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Q. Who is Mr. Smarty Plants?

A: There are those who suspect Wildflower Center volunteers are the culpable and capable culprits. Yet, others think staff members play some, albeit small, role. You can torture us with your plant questions, but we will never reveal the Green Guru's secret identity.

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Ask Mr. Smarty Plants is a free service provided by the staff and volunteers at the Lady Bird Johnson Wildflower Center.

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Wednesday - March 19, 2014

From: Rockwall , TX
Region: Southwest
Topic: Plant Lists, Planting, Transplants, Trees
Title: Native species of tree for Rockwall TX
Answered by: Barbara Medford

QUESTION:

Hello, I am attempting to plant a native species of tree 20 miles east of Dallas, Texas (Rockwall, TX) in honor of my brother's marriage. He is a biologist and a huge supporter of native species. I am having all of his closest friends plant native trees in their states in his name. Would you be able to help in finding an appropriate species of tree as well as maybe even pointing me in the right direction to find seeds or seedlings? Thank you!

ANSWER:

It is a privilege to suggest a selection of trees for such a nice reason. However, with that comes responsibility to not encourage you to plant something you will regret doing so later. You may already know that the Lady Bird Johnson Wildflower Center, home of Mr. Smarty Plants, is committed to the growth, propagation and protection of plants native not only to North America, but to the area in which those plants will be grown; in your case, Rockwall County, TX.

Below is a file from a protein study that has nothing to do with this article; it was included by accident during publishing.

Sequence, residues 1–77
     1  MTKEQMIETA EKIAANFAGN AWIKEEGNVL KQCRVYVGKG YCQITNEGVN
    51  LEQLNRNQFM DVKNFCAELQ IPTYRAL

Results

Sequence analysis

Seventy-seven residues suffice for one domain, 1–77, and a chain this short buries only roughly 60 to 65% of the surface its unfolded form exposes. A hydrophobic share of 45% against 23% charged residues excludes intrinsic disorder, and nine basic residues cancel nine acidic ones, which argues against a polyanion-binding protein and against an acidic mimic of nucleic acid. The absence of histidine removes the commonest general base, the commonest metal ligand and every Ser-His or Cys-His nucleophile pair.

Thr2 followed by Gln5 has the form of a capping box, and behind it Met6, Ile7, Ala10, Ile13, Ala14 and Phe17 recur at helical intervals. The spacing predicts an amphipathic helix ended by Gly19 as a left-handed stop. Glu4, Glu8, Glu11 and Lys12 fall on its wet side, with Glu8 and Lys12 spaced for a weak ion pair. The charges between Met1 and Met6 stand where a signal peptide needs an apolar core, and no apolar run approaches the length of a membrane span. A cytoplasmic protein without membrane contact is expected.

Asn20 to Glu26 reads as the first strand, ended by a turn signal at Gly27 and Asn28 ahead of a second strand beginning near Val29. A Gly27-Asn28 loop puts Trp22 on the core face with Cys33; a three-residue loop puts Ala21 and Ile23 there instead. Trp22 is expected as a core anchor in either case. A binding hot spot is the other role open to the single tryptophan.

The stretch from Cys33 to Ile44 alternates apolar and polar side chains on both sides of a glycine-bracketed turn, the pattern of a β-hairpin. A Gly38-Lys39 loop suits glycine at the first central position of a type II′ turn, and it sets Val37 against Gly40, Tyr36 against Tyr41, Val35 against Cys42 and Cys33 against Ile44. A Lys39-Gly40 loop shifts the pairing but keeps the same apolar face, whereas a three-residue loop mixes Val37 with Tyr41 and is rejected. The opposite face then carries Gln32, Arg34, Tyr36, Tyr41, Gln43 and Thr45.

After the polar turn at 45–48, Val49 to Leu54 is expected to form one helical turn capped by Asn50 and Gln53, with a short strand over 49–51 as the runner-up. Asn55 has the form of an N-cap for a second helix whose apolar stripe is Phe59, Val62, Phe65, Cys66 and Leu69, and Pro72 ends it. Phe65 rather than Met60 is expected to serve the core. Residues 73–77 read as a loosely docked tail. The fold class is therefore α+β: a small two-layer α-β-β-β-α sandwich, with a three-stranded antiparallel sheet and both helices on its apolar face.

We will begin by going to our Recommended Species, selecting on North Central Texas on the map of North America. Doing this gave us this list of 105 Texas Recommended Plants for North Central Texas.  Using the selection list on the right-hand  side of that page, we selected on "Tree" under HABIT and clicked on NARROW YOUR SEARCH, which gave us this list of 30 trees known to grow natively in your area.

To help you a little more, we are going to select 6 trees from that list that Mr. Smarty Plants feels would work well for you. Then, those trees will have to go through one more test - follow each plant link to our webpage on that list. Go down the resulting page to "ADDITIONAL RESOURCES" and click on "Find scientific name of plant in USDA Plants." This will take you first to a map of North America and Canada with the states and provinces where that plant is native in green. You would then click on Texas and get a map of the counties where that plant grows natively in green. You should be familiar with the shape of Rockwall County, right next to Dallas County. Sometimes it will be green all around your county, but not in yours. This is a search for soils, climate and rainfall that are optimum for that plant, and if your county is not green but surrounded  by green, it just may mean it hasn't been reported to the USDA as growing there.

Okay, we will now demonstrate by selecting said 6 trees and give you a link to the USDA Plant Profile Map on each. You should first follow the plant link to our webpage on it and look especially at GROWING CONDITIONS. If the area where you plan to plant your tree does not match those conditions (sun? shade? soil? ultimate predicted height?) then you should not consider it, because you have so many choices.

Trees for North Central Texas:

Cercis canadensis var. texensis (Texas redbud) USDA Plant Profile Map

Ilex vomitoria (Yaupon) USDA Plant Profile Map

Platanus occidentalis (American sycamore) USDA Plant Profile Map

Prunus mexicana (Mexican plum) USDA Plant Profile Map

Rhus lanceolata (Prairie flameleaf sumac) USDA Plant Profile Map

Ungnadia speciosa (Mexican buckeye) USDA Plant Profile Map

 

From the Image Gallery


Texas redbud
Cercis canadensis var. texensis

Yaupon
Ilex vomitoria

American sycamore
Platanus occidentalis

Mexican plum
Prunus mexicana

Prairie flameleaf sumac
Rhus lanceolata

Mexican buckeye
Ungnadia speciosa

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